Having seen this problem many times, it was easy to identify the cause. Water vapor will condense into a liquid on a surface that is cooled below the dewpoint. Hot, humid summer air may have a dewpoint above 70°F. On such a day, a can of pop taken from a cooler will almost instantly be covered with water droplets. That’s because the surface of the cold can may be more than 30°F below the dewpoint.

Basements are often the coolest part of a home. On a hot, humid day, outdoor air with a dewpoint of 70°F that finds its way through the siding, sheathing, and insulation will reach the back of the vapor barrier. If the temperature of the basement is 68°F — 2°F below the dewpoint — the plastic sheeting will become the first condensing surface. Although the amount of condensation per square inch is much less than would form on a cold pop can, a hot spell of some duration may still provide the necessary moisture conditions for mold to grow. The extent of mold growth is a question of how wet for how long.

There are a variety of fixes for this problem. Although the risk of occupant exposure to the mold in a sealed wall cavity is debatable, once the mold is discovered it becomes a customer-service headache. The owner usually requests that all the moldy areas be stripped of poly and insulation, then cleaned up, and everything properly replaced. Hanging drywall on the studs may warm up the plastic enough to keep it above the dewpoint. Applying inch-thick foil-faced insulating board under the drywall will do a better job of warming up the poly and will provide a more comfortable conditioned space as well. Another option is to replace the conventional poly with a “smart” vapor retarder like the MemBrain from CertainTeed, which will allow warm, humid summer air to pass through without accumulating on the back.

Those Pesky Party Walls

Townhomes are a popular option for home buyers with tight budgets or limited space needs. In most areas, fire codes require that side-by-side units be separated by party walls detailed to slow flame spread and prevent smoke penetration. The obvious best practice is to install masonry walls of poured concrete or block. A cheaper and quicker choice is parallel studwalls with facing layers of gypsum-board sheathing — typically paper-faced drywall, which is the cheapest.

Drywall may have a fire rating, but it doesn’t perform well when it gets wet. Imagine trying to preserve a wet newspaper by sticking it in a plastic bag. Similarly, when it comes to drywall, the rate of drying must exceed the rate of wetting. Damp conditions and still air are the best accelerants for mold growth.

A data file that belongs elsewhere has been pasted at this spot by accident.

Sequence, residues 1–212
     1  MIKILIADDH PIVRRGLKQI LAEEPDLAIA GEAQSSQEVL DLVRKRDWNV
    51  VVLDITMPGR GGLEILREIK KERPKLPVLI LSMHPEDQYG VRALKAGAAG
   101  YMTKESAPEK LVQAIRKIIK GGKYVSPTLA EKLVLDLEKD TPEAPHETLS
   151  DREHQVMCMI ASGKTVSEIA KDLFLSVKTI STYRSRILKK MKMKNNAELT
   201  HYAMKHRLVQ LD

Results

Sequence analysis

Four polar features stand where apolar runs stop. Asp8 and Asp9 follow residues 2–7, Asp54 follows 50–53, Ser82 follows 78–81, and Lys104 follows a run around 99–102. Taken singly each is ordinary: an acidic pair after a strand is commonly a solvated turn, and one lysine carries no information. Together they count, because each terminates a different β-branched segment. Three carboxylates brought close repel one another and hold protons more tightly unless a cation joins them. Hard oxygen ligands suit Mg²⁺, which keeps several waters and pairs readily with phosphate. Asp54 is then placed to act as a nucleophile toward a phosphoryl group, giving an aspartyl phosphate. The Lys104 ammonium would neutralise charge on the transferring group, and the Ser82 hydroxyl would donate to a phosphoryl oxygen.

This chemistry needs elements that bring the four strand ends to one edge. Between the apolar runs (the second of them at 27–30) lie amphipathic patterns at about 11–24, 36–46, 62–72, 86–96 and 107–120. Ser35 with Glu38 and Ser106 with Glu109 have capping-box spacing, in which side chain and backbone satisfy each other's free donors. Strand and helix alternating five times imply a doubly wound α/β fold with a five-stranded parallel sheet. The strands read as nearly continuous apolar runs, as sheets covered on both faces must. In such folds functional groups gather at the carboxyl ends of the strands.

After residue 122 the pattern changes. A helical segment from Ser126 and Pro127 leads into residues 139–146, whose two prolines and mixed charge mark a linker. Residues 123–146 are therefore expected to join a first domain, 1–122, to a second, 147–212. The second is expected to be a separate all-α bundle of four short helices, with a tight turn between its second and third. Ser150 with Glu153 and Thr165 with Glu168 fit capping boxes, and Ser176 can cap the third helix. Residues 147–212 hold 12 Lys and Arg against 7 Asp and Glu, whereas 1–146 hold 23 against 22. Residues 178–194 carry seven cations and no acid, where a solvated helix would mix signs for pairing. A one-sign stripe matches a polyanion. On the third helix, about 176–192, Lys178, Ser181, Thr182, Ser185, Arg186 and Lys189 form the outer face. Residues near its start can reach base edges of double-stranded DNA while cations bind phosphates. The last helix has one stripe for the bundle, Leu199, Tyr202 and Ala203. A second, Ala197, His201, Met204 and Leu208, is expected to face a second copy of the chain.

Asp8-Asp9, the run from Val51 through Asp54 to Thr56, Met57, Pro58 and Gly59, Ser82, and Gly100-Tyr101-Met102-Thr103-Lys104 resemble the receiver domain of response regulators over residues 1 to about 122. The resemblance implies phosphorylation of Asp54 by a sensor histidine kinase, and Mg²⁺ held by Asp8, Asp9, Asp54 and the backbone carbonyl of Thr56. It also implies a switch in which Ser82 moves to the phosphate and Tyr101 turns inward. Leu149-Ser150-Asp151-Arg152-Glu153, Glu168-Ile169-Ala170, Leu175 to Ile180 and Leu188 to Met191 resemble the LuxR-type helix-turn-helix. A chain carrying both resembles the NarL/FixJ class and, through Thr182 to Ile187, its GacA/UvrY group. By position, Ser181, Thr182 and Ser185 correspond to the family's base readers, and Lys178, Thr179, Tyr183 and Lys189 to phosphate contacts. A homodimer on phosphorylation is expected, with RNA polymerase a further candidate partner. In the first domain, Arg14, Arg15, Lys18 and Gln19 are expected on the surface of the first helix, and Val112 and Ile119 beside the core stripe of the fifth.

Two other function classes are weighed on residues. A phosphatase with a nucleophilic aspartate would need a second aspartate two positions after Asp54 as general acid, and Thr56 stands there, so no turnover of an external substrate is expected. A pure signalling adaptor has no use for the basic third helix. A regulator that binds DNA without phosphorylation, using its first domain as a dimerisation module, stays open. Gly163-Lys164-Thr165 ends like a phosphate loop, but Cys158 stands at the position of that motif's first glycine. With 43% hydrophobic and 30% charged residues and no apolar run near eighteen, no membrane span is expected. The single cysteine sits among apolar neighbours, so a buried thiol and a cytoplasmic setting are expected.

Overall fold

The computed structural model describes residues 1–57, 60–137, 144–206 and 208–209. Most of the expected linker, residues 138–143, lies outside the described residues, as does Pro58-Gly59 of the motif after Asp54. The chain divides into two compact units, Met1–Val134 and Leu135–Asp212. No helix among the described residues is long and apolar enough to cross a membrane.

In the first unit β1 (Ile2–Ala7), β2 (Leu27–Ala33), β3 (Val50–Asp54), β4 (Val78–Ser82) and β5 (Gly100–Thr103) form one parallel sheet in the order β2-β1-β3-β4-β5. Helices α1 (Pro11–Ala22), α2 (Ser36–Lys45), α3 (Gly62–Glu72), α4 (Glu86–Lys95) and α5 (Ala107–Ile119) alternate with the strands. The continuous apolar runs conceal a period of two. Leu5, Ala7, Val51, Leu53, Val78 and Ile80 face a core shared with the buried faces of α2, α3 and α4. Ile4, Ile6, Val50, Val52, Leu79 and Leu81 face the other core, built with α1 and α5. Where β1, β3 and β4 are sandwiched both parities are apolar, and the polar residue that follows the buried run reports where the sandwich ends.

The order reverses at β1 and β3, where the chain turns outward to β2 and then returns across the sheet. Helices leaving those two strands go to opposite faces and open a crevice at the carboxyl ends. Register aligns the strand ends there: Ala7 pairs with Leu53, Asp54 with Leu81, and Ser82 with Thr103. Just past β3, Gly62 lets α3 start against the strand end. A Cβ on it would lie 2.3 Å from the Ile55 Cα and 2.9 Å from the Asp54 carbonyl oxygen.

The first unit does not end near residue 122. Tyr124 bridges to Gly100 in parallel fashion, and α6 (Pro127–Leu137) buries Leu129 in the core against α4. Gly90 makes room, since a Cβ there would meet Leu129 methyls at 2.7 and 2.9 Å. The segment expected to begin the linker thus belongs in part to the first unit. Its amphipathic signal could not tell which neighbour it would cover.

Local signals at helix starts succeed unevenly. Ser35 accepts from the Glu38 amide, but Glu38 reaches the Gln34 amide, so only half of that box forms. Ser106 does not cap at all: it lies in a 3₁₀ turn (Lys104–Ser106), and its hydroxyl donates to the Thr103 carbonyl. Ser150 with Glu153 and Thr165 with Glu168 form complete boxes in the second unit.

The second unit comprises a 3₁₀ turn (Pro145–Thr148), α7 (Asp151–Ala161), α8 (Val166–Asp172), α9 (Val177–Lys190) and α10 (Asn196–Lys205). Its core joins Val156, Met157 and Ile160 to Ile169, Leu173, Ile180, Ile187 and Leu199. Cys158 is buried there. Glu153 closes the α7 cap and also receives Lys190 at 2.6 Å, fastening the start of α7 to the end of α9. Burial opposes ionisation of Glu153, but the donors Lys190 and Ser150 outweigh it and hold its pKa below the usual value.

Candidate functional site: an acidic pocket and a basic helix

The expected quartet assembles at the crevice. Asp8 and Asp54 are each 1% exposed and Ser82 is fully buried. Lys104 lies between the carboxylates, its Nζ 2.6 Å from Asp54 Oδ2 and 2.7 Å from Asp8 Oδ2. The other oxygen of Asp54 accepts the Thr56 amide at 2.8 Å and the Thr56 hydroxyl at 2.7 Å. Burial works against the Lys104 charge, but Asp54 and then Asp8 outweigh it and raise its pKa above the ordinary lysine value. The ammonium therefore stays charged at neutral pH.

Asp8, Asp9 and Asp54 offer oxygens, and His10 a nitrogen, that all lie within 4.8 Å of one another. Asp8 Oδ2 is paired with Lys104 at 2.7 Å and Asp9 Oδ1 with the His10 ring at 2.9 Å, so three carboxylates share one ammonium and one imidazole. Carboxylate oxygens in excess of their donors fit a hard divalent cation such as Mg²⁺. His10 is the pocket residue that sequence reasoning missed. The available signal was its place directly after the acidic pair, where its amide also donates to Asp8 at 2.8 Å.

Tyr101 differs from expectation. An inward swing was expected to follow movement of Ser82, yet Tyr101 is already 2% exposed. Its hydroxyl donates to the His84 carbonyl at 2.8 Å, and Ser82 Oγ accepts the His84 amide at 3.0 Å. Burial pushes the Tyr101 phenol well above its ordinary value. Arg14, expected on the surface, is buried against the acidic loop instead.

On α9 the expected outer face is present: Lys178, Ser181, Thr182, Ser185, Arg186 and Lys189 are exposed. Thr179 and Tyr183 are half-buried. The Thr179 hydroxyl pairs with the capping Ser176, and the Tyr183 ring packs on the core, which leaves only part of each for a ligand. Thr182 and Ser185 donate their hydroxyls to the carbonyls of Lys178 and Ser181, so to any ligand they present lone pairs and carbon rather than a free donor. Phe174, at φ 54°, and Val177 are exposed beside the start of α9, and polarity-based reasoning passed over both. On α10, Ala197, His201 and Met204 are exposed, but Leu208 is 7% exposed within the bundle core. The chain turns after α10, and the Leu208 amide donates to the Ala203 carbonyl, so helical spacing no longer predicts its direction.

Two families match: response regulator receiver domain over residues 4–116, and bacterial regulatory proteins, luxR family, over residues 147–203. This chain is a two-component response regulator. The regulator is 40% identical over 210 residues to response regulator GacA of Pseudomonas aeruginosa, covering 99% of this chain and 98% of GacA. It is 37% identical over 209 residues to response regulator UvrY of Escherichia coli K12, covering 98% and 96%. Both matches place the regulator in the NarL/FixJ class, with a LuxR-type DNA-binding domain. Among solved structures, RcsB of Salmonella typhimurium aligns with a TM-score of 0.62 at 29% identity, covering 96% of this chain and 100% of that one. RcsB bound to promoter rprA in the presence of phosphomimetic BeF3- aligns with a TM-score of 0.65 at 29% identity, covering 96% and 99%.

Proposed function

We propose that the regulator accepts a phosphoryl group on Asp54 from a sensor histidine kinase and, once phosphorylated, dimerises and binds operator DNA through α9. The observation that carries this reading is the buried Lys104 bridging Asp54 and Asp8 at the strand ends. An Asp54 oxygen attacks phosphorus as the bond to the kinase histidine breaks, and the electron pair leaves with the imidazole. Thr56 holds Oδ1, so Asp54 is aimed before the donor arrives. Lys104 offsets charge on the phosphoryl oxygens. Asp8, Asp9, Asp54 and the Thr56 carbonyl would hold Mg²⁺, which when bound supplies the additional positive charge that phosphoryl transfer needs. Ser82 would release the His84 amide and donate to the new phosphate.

I was called out to a job site by a local code official to inspect a mold problem on a townhome development under construction. The scenario was the same one I had seen on other projects: The gypsum-board party walls of several of the units had a luxuriant growth of black mold.

The source of the problem was obvious. During construction, the gypsum-board party walls were built on footings surrounded by bare dirt. When hot, rainy weather turned the ground to mud, a fungal garden grew, with visible mold extending in a horizontal band from the mudsill up as high as 4 feet. I cut a 6-by-6-inch-square piece out of the moldy drywall on one wall and found that it had mold on both sides. I could also plainly see mold on the back of the adjacent wall’s gypsum board.

An argument could be made that the mold on the inside of the party wall presented no risk, as the wall is supposed to be air-sealed to prevent smoke migration. It would be interesting to hear a potential buyer’s reaction if disclosure rules required the seller to explain that even though the inside of the wall was covered with mold, it was harmless. I suspect that most customers would opt for a mold-free unit.

But how does one correct such a problem without tearing out one side of the party wall? Surface scrubbing might work, but how does one scrub the inside?

In the end, the builder took the bull by the horns: He supported the upper stories with temporary bracing, tore out the offending paper-covered party wall, and replaced it with concrete block. It was a costly repair, but it worked, and he was left with a property he could sell with pride instead of excuses. He also learned a lesson that will prevent such a problem on future projects.

Mac Pearce is an environmental health consultant in St. Paul, Minn.